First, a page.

Complications associated with intrathecal morphine in spine surgery: a retrospective study.
- Author(s): Pendi, Arif
- Lee, Yu-Po
- Farhan, Saif Al-Deen B
- Acosta, Frank L
- Bederman, S Samuel
- Sahyouni, Ronald
- Gerrick, Elias R
- Bhatia, Nitin N
- et al.
Supplemental intrathecal morphine (ITM) represents an option to manage postoperative pain after spine surgery due to ease of administration and ability to confer effective short-term analgesia at low dosages. However, whether ITM increases risk of surgical site infections (SSI), cerebrospinal fluid (CSF) leak, and incidental dural tears (IDT) has not been investigated. Therefore, this study was performed to determine the rates of SSI, CSF leak, and IDT in patients that received ITM.
Patients that underwent posterior instrumented fusion from January 2010 to 2016 that received ITM were compared to controls with respect to demographic, medical, surgical, and outcome data. Fisher's exact test was used to compare rates of SSI, CSF leak, and IDT between groups. Poisson regression was used to analyze complication rates after adjusting for the influence of covariates and potential confounders.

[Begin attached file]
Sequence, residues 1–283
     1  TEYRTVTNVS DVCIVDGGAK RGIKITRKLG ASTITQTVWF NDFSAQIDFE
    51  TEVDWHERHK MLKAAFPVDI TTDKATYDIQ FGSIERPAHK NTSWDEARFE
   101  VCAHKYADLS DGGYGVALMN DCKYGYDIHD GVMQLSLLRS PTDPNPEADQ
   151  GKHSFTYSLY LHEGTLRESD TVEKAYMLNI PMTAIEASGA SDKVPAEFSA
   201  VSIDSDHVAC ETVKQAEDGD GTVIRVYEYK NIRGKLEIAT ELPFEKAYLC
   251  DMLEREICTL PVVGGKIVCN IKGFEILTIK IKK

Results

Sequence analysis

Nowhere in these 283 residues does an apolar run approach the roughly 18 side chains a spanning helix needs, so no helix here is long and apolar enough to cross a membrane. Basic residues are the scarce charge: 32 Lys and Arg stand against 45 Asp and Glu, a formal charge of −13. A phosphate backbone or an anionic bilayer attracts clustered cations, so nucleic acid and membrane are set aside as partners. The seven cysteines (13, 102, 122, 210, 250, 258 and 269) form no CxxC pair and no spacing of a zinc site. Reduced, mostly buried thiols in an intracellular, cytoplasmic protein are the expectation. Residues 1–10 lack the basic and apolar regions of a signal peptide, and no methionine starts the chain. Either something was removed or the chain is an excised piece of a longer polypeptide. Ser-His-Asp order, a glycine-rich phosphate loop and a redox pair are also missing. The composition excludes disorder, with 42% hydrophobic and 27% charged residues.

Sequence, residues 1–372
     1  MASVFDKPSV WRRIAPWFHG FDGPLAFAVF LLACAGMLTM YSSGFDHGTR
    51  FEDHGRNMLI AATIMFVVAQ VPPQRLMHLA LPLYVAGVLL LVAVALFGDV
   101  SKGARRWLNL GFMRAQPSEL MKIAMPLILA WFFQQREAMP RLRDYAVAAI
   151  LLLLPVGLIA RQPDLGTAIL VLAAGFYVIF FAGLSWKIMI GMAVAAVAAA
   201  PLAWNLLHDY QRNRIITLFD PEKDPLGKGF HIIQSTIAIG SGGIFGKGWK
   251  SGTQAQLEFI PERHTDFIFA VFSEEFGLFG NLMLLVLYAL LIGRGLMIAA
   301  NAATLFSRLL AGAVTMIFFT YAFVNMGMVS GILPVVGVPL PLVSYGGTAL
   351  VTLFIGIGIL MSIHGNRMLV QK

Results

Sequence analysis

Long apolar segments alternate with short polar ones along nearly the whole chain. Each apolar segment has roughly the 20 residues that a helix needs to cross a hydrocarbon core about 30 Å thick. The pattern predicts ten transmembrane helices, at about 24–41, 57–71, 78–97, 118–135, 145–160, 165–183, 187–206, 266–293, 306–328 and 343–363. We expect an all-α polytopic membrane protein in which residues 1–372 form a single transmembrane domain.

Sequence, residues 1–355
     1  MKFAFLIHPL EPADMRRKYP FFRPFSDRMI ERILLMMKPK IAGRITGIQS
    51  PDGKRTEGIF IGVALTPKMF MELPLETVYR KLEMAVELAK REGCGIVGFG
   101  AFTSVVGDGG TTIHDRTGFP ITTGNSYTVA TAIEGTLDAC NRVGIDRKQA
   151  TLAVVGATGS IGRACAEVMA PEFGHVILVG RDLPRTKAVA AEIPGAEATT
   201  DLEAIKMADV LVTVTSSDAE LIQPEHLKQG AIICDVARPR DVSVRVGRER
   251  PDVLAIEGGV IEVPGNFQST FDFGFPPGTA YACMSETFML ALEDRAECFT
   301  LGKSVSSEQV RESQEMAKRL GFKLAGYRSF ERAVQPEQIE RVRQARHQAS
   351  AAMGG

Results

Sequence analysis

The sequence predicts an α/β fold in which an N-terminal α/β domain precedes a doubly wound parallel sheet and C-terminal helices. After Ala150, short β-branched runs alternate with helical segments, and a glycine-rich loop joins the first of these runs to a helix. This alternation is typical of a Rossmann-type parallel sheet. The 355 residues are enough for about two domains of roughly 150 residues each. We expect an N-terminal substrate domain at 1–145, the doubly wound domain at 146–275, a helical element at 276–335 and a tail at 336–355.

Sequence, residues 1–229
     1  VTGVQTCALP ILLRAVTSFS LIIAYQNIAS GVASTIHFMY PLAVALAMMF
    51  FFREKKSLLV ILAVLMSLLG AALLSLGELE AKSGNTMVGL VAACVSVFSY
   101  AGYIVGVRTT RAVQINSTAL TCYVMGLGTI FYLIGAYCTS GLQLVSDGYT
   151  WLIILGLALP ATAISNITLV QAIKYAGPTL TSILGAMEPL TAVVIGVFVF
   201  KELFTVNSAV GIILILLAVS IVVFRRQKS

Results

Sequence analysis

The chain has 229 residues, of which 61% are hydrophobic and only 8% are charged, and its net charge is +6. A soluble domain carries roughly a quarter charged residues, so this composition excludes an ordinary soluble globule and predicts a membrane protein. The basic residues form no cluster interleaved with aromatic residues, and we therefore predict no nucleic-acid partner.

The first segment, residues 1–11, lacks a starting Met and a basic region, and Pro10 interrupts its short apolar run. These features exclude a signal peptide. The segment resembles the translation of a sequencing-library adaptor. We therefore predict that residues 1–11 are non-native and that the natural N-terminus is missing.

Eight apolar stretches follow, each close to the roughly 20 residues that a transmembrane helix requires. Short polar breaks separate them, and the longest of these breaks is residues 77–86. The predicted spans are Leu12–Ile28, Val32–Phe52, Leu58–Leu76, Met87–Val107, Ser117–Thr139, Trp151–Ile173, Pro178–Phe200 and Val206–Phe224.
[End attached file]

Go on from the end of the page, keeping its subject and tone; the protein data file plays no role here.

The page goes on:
A total of 512 records were analyzed. ITM was administered to 78 patients prior to wound closure. The remaining 434 patients compromised the control group. IDT was significantly more common among patients receiving ITM (P=0.009). Differences in rates of CSF leak and SSI were not statistically significant (P=0.373 and P=0.564, respectively). After compensating for additional variables, Poisson regression revealed a significant increase in rates of IDT (P=0.007) according to ITM injection and advanced age (P=0.014). There was no significant difference in rates of CSF leak or SSI after accounting for the additional variables (P>0.05).
ITM for pain control in posterior instrumented spinal fusion surgery was linked to increased likelihood of IDT but not CSF leaks or SSI. Age was also noted to be a significant predictor of IDT. Spine surgeons should weigh potential risks against benefits when deciding whether to administer ITM for postoperative pain management following spine surgery.
Many UC-authored scholarly publications are freely available on this site because of the UC Academic Senate's Open Access Policy. Let us know how this access is important for you.